Alan has been a student, a DJ, a glassblower, an artisan, a chemist, and a record store clerk. Currently, Alan is interning as a student teacher and focusing on his photography hobby. He is now back in school at the University of Alaska-Southeast, and licensing his photographs through Getty.
Venn Diagrams are perhaps the best known Graphic Organizer (link to Wikipedia), and are meant to give students an better idea of the connection between two or more things (vocabulary terms, ideas, places, people, events, etc.) by comparing the qualities they share and contrasting the qualities in which they differ. This is shown in the diagram by two intersecting circles – the are where the circles overlap is where the student fills in the similar qualities, while the are of the circles which are separate (the left and right sides in this example) are where the differing qualities are written.
For this diagram, the teacher can either provide the things being compared/contrasted, or allow the students to find their own (i.e. have the student use their favorite and their least favorite characters in a novel, and see how they are similar or different).
This diagram can easily be copied as a double sided handout.
This Frayer Chart is meant to be copied double-sided and included in the student’s folder or binder. It features sections for each new word being learned: Vocab Term, Definition, Example, Non-Example, and Illustration.
The teacher gives students a list of vocabulary terms (or has the student compile a list of new vocabulary form the reading), and the students fill in the rest. The teacher can optionally give the definition as well, but I typically have to students practice using glossaries and dictionaries in this process.
Examples will hopefully be a memorable archetype of the vocabulary term to help the student remember the characteristics of the term. In contrast, the Non-Example should be something which, without knowing the term, may be confused with the term, but is decidedly distinct from it (i.e., if the term is “Heat,” the example might be ‘Energy moving from my hand into a snowball’ whereas the non-example might be ‘Temperature, like when my hand is cold after holding a snowball’).
Over the course of the past semester, as part of my University of Alaska – Southeast coursework, I’ve been fostering connections with online communities. While some experiments in using these communities have failed (my Khan Academy and Smart Exchange accounts are somewhat lagging), my participation in photography communities (Flickr, Digital Photography School), as related to being the Photography Club mentor teacher, has proved quite useful.
Thought my involvement with these communities, I’ve developed my own skills and abilities, and been able to bring these to the students as a teacher. I have also used the lessons and resources available on these sites to further the skills and abilities of the students.
I have written a reflection on these online communities, available in two formats:
As part of my University of Alaska – Southeast coursework, for an Internet Technology in the Classroom assignment, I have begun an Individualized Education Project. The purpose of my project is to create a functional web resource for Chemistry Teachers, which I is free for anyone to use on the Resources for Teachers section of this site.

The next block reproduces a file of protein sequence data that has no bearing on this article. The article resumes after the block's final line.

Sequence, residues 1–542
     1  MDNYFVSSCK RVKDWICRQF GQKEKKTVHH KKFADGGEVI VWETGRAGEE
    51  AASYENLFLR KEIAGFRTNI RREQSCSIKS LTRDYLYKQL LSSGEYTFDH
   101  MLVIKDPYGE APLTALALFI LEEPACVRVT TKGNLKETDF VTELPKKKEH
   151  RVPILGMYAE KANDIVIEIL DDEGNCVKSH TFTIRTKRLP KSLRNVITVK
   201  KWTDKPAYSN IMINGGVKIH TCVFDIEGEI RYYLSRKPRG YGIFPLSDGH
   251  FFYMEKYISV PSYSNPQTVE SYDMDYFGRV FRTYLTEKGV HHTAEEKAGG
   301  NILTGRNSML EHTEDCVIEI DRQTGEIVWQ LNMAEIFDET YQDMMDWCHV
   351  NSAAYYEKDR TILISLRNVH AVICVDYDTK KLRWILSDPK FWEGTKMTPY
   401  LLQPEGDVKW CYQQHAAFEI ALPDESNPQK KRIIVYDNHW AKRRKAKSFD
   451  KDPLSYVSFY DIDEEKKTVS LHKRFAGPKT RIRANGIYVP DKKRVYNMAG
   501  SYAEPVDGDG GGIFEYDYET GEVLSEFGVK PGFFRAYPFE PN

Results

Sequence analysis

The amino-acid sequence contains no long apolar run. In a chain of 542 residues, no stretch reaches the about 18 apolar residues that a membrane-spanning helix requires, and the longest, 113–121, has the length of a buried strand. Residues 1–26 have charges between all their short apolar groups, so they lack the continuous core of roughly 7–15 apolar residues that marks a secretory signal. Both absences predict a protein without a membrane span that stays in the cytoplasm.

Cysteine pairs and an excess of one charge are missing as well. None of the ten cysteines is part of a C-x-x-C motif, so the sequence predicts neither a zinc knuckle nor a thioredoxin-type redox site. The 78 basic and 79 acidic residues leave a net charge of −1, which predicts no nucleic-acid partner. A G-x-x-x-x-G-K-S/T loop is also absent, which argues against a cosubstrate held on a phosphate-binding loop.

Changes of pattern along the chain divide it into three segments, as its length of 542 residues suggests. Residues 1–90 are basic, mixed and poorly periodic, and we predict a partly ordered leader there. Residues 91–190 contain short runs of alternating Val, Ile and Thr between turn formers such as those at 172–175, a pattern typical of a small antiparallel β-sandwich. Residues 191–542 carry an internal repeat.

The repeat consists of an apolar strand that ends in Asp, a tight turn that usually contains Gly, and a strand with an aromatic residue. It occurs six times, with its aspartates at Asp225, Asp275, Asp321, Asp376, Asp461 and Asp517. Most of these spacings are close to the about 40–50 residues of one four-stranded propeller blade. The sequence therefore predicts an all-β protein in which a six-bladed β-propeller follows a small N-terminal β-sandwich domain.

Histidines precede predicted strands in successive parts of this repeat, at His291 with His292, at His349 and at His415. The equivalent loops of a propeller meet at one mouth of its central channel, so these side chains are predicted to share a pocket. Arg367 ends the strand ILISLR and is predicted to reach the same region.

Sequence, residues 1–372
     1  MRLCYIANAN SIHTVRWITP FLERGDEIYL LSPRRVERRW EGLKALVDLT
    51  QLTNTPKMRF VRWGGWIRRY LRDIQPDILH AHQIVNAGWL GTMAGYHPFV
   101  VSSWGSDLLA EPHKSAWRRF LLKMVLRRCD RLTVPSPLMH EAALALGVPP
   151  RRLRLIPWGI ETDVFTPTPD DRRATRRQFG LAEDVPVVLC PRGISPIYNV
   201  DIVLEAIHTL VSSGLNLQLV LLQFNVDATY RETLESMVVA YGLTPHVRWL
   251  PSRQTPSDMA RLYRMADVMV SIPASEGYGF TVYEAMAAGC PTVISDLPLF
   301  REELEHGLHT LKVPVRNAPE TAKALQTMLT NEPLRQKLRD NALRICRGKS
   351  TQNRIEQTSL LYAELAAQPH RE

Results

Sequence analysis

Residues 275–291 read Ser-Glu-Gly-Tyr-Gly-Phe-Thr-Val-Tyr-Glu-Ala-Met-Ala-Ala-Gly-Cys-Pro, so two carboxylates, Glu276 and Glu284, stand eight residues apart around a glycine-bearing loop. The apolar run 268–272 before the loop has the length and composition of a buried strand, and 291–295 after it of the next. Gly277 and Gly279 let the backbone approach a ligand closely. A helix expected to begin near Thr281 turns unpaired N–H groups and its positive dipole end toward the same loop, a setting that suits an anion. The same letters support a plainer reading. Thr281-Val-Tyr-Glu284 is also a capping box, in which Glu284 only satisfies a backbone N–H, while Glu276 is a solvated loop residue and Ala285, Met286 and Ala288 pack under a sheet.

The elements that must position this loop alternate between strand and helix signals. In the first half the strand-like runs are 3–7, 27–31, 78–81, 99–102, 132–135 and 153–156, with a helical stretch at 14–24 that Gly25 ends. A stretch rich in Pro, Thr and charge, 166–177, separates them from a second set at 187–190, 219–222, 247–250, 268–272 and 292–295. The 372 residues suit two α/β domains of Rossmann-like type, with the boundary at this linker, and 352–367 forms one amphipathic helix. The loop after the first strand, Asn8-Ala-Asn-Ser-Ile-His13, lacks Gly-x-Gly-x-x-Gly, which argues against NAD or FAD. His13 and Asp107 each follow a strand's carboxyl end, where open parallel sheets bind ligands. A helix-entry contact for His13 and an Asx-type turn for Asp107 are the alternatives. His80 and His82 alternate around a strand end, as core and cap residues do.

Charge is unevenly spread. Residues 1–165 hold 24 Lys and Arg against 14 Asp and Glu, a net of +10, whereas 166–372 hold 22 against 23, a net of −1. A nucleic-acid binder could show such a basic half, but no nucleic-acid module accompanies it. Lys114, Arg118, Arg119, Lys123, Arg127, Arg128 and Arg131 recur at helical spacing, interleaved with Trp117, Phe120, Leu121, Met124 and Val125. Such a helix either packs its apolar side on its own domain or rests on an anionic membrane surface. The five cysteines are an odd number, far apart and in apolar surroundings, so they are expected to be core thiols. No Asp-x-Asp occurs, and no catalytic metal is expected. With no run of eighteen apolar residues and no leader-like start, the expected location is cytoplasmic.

This will be an ongoing project for the foreseeable future, and I will continue to update and develop the resources available on this site. That being said, my coursework has a definite ending point (you know, my grade), and I have written a reflection on what I have done to build this resource. This reflection covers the time from late October 2012 to mid December 2012, and is available for any interested parties in two ways:
This project is meant for 10th-12th grade Chemistry students, and (as written) covers lab topics normally beyond the means or scope of a high school course. The students research a topic and create a video to teach their peers, and then a quiz developed by the students over all the material is given. It is designed for 1 day of in-class research and planning, 11 days (2 weekends included) of out-of-class work with daily check-ins on progress, and 1 day of presentation, 13 days in total.
Objective: The students will be able to research a chemistry topic at the level of a college freshman, and will demonstrate the ability to outline, draft, and properly cite a research project.
In summary, this project can be used in a Chemistry classroom to teach the skills of researching a subject, drafting and completing a project, and citing sources in an appropriate manner. It should not be used as a replacement for learning the skills required to write a research essay. However, such a project can be used as a precursor to an essay, as a way to ease students into the process of researching and drafting. In the classroom, this could take the form of a 13-day multimedia project during one unit, followed later in the course by a research essay.
A longer reflection of the project and it’s potential application in the classroom may be found on Google Docs or viewed as a .pdf file by clicking the links below.
A story table is similar to a story board, though it is much simpler and the focus is more on the writing and matching visual/media cues to that writing, rather than the other way around.
For my ED Tech 632 course, as part of the White Alice Story project, I created a simple story table, which you can download and view as a .pdf, or as an Excel spreadsheet (download only from Google Docs) via the links below.